Using a functional resume can be a double-edged sword. While your skills might be highlighted and visible from afar, your professional experience takes a backseat, meaning that your past employments matter little to you. Sometimes using a functional resume format isn’t the best idea, and knowing when to use one or the other will save you from a world of confusion and miscommunication.

Functional VS Chronological

Functional resumes put emphasis on your skills. Any soft skills that you have garnered over the past several years should be included into the main body of your resume. Your working experience and the subsequent list of employment is omitted and often put on the resume just as a necessity. Chronological resume on the other hand puts the highlight on your professional career and employments you had in the past. Your skills, while important, don’t matter as much as the official placements you had in the past. So why does a functional resume often result in staying unemployed, instead of landing you a job?

Catering to specific employers

Like everything you do in life, writing a resume is all about catering to the person you are writing to. If you are writing a resume for an analytical position that requires quick thinking and team communication, you should opt for a chronological resume that showcases your education and professional experience. More lenient positions such as design positions, writing or even startup positions should emphasize the functional format of resume. A functional resume can be detrimental for your job application should you use it with employers who don’t like it from the get-go. Many employers will agree that hiring people is like being involved in a car race – it is a stressful work that requires quick thinking and last-minute decisions. Going through resumes that are poorly (wrongly) formatted doesn’t do the interviewers any justice, it only makes their job that much more difficult.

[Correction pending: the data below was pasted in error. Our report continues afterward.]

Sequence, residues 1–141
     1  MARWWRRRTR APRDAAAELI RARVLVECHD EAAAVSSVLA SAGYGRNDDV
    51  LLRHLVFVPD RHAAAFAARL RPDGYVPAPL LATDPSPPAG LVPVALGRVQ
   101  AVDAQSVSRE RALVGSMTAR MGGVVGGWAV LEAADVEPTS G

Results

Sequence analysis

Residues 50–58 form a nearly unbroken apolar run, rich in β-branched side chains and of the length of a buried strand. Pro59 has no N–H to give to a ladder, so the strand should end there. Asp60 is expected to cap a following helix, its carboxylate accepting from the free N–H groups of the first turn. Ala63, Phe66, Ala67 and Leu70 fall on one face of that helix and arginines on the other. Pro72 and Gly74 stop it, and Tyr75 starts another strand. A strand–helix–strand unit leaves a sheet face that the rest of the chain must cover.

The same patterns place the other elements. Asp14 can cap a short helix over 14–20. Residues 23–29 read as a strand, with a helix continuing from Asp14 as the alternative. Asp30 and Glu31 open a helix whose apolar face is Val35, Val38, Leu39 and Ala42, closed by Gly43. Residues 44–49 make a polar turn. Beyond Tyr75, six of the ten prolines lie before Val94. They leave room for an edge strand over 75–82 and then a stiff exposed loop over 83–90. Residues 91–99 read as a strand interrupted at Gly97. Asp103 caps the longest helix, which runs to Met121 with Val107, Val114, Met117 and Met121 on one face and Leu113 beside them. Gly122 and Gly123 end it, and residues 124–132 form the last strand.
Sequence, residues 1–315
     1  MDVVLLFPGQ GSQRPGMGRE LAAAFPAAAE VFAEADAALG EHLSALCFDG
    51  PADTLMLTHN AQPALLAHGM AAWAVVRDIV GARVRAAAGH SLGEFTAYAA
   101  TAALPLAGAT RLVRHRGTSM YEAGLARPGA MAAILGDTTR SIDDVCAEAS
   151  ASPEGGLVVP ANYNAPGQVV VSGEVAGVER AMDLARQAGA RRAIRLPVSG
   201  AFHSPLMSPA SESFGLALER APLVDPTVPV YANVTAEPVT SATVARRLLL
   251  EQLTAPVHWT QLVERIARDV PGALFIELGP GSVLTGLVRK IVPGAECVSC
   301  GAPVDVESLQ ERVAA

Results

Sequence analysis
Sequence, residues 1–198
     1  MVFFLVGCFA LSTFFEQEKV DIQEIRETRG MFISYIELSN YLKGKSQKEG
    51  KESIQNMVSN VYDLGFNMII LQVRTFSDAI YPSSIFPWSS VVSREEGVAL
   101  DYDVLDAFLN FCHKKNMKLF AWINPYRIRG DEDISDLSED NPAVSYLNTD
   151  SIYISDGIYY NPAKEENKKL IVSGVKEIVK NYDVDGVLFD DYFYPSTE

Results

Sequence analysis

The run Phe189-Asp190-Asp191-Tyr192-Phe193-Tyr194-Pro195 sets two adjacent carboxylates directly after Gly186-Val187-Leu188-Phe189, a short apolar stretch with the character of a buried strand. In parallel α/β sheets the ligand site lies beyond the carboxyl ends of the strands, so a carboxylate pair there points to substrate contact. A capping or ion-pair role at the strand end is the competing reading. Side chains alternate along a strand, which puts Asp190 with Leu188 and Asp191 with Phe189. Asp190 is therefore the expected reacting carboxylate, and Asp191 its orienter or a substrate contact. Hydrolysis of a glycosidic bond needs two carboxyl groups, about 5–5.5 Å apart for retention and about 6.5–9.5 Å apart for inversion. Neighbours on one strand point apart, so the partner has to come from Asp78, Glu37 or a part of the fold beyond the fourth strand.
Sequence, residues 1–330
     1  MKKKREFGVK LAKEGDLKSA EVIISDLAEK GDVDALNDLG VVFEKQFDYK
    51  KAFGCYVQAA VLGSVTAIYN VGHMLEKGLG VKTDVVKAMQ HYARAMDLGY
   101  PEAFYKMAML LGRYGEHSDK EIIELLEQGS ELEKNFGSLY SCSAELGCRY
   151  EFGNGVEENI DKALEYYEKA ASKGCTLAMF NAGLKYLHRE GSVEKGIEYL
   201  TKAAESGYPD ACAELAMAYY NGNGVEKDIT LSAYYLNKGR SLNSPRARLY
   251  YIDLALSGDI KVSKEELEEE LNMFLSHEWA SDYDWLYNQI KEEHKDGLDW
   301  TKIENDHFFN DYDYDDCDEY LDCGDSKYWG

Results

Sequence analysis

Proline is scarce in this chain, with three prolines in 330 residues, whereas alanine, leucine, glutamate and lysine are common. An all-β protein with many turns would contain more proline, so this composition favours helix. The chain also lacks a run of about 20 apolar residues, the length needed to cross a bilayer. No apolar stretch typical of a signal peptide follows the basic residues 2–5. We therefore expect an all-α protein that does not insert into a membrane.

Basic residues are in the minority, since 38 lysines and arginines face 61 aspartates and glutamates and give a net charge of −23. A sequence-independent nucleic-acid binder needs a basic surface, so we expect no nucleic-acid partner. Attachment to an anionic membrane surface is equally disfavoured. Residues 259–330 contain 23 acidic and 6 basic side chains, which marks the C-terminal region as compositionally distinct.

Best of both worlds

Both the employers and candidates have found a common ground when it comes to formatting resumes. The so-called “combined” resume is the answer that many people opt for when writing their resumes because it’s satisfying to most of the interviewers. A combined resume takes elements from chronological and functional resumes and makes a cohesive whole that is both serviceable and readable. This is the most popular type offered on top websites for resume building. Listing your professional experiences in a reverse order with functional skills highlighted for each of the positions you held in the past is the best way to go. It will not only make it easier to put two and two together when it comes to your soft skills, but also make your resume more reader-friendly.

Conclusion

It’s always a good idea to put your entire life on paper before writing a resume. Omitting certain skills or job employments because you were in a rush is the worst thing that can happen to you. Also, make sure that you leave the functional resume format aside unless you are specifically asked to use it.

When Your Functional Resume Works Against You

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